Tag Archives: advice

Advice for aspiring writers

Professor Patrick Evans has officially retired from his role at UC where he specialised in New Zealand Literature and Creative Composition. Here he shares his advice for aspiring writers.


Pat teaching crop– If you want to be a writer, commit to it or give up now. It’s hard work and particularly so in New Zealand where there’s so little money in the publishing industry. There are so few readers and the reviewing and literary-critical system is so primitive.

– Few successful writers I know have managed to write full-time; the crucial question is how you will support yourself as a creative writer by doing something that doesn’t draw from the same well writing draws from (hint: avoid school teaching: all that spare time you think you’re going to use for writing will be taken up in marking and therapy).

– Marry someone rich and naïve, someone who ‘believes in you’; around them set up a supportive network of friends who will read your work and criticise it intelligently, honestly and kindly.

– Don’t have kids, as they will suck up all your time and money. Or do, and be prepared to write less and on cheaper paper.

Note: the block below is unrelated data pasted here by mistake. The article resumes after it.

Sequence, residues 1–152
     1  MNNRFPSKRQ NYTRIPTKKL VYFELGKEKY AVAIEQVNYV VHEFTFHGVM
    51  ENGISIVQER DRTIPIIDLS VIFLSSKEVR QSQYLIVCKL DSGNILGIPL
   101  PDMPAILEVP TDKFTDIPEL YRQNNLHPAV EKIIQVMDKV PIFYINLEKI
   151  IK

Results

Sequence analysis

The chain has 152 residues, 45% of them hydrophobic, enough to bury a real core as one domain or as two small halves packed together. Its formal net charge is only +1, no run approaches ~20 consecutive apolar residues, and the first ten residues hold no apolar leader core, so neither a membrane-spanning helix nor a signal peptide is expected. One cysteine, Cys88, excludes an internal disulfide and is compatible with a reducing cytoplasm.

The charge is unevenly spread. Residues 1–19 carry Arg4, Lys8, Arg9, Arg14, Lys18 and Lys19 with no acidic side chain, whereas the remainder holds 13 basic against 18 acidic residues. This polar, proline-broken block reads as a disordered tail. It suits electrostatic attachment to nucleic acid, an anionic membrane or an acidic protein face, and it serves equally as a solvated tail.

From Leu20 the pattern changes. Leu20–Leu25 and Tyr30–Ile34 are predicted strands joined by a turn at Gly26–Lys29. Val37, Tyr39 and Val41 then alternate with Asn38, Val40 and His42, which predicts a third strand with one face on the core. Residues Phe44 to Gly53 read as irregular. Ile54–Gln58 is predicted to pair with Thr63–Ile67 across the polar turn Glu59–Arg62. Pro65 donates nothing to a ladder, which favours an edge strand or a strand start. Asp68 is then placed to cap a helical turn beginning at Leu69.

– Remember that writing can be a selfish and lonely existence; be aware of what you’re doing to those around you. Write about them, not you, and learn what it is as well, and how to write about it.

– Remember that novels in particular are hard things to write, particularly if they’re going to be any good. You might think you’ve written a novel, but you’ve probably just written 80,000 words of stuff. Be patient. Life is long. You might not be a writer now, but you might be a writer then.

– Learn to write out of love, not hate – out of the gratitude you feel for being allowed to live in the wonder of the world (see R.K. Narayan for this). You think the world is two gin-and-tonics below par (see Humphrey Bogart)? Then why do people want to live in it as long as they can? Learn to recognise that wonder around you (this will take you the rest of your life). Learn to read the Book of Life (Allen Curnow’s idea). You will know what that means when you find you are starting to do it.

– Avoid meetings.

My graduation experience: beware of the regalia!

Getting blown away on campus
Getting blown away on campus

Last week I graduated. It’s pretty hard to summarise my feelings about the whole experience. It was more stressful than anticipated, but also a lot more exciting too.

My family came down from Wellington for the occasion. We did a photo-shoot on campus the day before grad, which was made interesting by the bitter cold and howling winds, which do not agree with academic regalia, but we ended up capturing some really cool moments.

As for the ceremony, it felt so satisfying to finally have my years of hard work acknowledged. As I queued beside the stage I suddenly felt really nervous about the short walk in the spotlight – I didn’t want to stuff up my moment! But as my name was called I was elated that it was pronounced correctly (an issue I often encounter) and I walked with pride to shake the Chancellor’s hand.